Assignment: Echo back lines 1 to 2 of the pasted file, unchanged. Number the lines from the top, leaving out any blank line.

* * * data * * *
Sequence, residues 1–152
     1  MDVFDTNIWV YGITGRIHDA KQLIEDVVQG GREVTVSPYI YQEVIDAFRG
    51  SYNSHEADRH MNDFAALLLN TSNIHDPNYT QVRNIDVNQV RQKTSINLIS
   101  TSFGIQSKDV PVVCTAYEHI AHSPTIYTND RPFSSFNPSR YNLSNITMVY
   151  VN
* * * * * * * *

Sequence, residues 1–152
     1  MDVFDTNIWV YGITGRIHDA KQLIEDVVQG GREVTVSPYI YQEVIDAFRG